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Python Dictionary keys() method
  • Difficulty Level : Basic
  • Last Updated : 04 Dec, 2020

Dictionary in Python is an unordered collection of data values, used to store data values like a map, which unlike other Data Types that hold only single value as an element, Dictionary holds key : value pair.

keys() method in Python Dictionary, returns a view object that displays a list of all the keys in the dictionary.

Syntax: dict.keys()

Parameters: There are no parameters.

Returns: A view object is returned that displays all the keys. This view object changes according to the changes in the dictionary.

Example #1:

# Python program to show working 
# of keys in Dictionary
# Dictionary with three keys
Dictionary1 = {'A': 'Geeks', 'B': 'For', 'C': 'Geeks'}
# Printing keys of dictionary
# Creating empty Dictionary
empty_Dict1 = {}
# Printing keys of Empty Dictionary


dict_keys(['A', 'B', 'C'])

Order of these key values in the list may not always be same.
Example #2: To show how updation of dictionary works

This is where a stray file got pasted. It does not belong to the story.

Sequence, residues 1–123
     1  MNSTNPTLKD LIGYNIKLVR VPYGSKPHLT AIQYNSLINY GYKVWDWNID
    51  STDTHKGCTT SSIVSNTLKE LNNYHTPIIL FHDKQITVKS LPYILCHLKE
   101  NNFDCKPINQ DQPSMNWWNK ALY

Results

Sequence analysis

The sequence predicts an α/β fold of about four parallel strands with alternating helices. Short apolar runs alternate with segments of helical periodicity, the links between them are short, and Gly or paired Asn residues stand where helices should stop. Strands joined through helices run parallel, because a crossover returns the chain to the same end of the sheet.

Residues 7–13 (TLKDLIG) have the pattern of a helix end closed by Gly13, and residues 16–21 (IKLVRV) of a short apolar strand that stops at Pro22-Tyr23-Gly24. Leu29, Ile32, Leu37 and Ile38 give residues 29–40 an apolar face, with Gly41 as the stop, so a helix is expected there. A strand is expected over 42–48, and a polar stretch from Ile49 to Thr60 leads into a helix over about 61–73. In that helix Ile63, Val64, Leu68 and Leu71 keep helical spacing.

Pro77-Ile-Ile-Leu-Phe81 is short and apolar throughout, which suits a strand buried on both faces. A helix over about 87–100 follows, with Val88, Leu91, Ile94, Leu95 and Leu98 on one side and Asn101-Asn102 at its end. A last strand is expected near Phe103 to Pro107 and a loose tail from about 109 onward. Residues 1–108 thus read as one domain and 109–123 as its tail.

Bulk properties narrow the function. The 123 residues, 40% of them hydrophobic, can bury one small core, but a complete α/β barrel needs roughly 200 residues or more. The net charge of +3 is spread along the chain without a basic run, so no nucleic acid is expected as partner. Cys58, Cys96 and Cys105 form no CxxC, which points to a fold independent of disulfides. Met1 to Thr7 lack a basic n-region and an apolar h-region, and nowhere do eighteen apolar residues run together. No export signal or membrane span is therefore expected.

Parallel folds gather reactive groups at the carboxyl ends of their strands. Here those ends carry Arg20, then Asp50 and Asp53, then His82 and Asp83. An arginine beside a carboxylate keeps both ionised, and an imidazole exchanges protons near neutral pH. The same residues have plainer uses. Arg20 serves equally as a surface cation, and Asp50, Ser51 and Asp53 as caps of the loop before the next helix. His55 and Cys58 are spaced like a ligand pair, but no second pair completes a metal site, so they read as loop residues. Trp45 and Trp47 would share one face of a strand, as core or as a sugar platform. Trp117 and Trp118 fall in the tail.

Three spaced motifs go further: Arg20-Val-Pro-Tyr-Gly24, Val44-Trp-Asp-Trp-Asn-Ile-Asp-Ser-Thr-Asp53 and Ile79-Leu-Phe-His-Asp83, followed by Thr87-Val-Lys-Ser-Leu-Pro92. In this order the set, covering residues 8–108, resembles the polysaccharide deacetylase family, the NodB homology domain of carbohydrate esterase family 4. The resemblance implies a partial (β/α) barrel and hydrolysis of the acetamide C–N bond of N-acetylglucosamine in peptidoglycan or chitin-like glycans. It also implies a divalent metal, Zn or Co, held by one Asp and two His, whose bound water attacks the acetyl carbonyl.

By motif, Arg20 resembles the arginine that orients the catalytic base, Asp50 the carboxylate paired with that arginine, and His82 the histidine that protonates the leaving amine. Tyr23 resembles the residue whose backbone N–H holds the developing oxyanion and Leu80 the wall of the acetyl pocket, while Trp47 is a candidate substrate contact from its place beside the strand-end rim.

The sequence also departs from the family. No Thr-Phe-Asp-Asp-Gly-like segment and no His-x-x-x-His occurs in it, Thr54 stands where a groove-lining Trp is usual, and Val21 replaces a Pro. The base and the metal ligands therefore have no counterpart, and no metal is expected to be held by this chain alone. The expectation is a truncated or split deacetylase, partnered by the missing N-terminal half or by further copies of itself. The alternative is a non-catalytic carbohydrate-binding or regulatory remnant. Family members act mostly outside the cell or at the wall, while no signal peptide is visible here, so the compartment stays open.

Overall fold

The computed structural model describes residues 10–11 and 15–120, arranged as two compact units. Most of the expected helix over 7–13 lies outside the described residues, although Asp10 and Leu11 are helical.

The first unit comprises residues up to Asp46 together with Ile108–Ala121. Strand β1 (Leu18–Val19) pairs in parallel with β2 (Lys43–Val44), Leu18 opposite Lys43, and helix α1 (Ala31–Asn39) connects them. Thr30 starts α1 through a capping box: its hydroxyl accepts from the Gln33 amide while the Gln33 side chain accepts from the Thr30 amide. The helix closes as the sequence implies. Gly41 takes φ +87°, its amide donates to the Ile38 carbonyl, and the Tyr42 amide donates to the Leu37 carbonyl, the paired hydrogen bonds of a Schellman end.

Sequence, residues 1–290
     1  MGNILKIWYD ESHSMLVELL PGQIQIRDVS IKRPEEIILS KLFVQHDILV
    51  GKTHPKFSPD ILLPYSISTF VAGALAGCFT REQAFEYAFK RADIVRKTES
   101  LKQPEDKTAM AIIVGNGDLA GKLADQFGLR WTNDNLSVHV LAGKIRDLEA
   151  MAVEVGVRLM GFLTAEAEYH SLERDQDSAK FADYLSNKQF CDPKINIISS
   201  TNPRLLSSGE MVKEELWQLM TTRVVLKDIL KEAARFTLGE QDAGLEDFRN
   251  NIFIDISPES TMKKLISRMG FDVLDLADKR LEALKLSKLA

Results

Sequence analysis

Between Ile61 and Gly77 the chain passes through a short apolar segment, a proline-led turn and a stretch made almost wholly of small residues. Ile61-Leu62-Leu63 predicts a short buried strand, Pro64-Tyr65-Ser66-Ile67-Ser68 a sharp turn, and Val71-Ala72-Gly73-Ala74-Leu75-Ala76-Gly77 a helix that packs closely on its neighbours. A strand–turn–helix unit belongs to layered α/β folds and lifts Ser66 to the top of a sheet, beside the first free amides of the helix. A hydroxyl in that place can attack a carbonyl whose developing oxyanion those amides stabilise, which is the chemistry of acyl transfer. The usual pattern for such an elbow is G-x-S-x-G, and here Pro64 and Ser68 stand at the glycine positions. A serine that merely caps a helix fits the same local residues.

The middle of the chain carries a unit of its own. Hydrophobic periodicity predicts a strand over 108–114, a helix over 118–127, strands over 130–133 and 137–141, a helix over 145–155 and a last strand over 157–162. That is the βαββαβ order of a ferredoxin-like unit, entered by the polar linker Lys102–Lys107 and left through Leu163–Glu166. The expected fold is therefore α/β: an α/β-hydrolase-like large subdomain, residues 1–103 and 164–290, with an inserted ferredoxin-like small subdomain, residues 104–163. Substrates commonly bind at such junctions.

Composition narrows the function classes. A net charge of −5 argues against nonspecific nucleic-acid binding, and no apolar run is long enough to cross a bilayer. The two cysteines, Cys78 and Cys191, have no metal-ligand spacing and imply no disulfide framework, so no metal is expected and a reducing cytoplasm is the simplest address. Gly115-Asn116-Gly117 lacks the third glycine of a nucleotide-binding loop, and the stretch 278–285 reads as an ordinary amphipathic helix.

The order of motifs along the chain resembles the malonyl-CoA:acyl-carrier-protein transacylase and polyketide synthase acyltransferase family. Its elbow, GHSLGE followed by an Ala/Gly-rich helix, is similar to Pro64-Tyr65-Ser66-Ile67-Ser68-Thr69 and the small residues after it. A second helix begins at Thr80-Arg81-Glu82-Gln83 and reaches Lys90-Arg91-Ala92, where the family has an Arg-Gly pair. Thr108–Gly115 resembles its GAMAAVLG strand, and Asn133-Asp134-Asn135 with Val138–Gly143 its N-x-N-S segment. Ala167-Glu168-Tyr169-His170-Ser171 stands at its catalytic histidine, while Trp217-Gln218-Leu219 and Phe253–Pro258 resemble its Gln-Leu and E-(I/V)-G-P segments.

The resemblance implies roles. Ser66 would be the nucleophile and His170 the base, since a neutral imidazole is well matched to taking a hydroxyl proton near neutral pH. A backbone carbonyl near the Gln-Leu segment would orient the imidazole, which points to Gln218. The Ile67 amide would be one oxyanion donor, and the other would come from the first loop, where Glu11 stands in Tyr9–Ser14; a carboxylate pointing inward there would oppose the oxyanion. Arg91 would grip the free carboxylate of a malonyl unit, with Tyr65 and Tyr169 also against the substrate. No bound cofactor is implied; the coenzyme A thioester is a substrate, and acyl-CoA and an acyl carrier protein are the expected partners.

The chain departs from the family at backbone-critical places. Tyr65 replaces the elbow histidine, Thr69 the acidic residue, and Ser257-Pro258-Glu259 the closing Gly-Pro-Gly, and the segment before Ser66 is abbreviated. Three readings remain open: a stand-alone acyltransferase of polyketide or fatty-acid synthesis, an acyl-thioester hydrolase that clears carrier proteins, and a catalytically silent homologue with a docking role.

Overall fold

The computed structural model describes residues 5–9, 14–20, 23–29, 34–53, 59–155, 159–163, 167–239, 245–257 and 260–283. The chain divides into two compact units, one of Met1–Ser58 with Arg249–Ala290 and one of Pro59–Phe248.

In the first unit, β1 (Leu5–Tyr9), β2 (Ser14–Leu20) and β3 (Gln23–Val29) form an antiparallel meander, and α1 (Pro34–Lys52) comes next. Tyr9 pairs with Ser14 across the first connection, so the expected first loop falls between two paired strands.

# Python program to show updation
# of keys in Dictionary
# Dictionary with two keys
Dictionary1 = {'A': 'Geeks', 'B': 'For'}
# Printing keys of dictionary
print("Keys before Dictionary Updation:")
keys = Dictionary1.keys()
# adding an element to the dictionary
print('\nAfter dictionary is updated:')


Keys before Dictionary Updation:
dict_keys(['B', 'A'])

After dictionary is updated:
dict_keys(['B', 'A', 'C'])

Here, when the dictionary is updated, keys is also automatically updated to show the changes.

Practical Application : The keys() can be used to access the elements of dictionary as we can do for list, without use of keys(), no other mechanism provides means to access dictionary keys as list by index. This is demonstrated in the example below.

Example #3 : Demonstrating practical application of keys()

# Python program to demonstrate
# working of keys()
# initializing dictionary 
test_dict = { "geeks" : 7, "for" : 1, "geeks" : 2 }
# accessing 2nd element using naive method
# using loop
j = 0
for i in test_dict:
    if (j == 1):
        print ('2nd key using loop : ' + i)
    j = j + 1
# accessing 2nd element using keys()
print ('2nd key using keys() : ' + test_dict.keys()[1])

Note: -> the second approach would not work because dict_keys in Python 3 does not support indexing.
Output :

2nd key using loop : for
TypeError: 'dict_keys' object does not support indexing 

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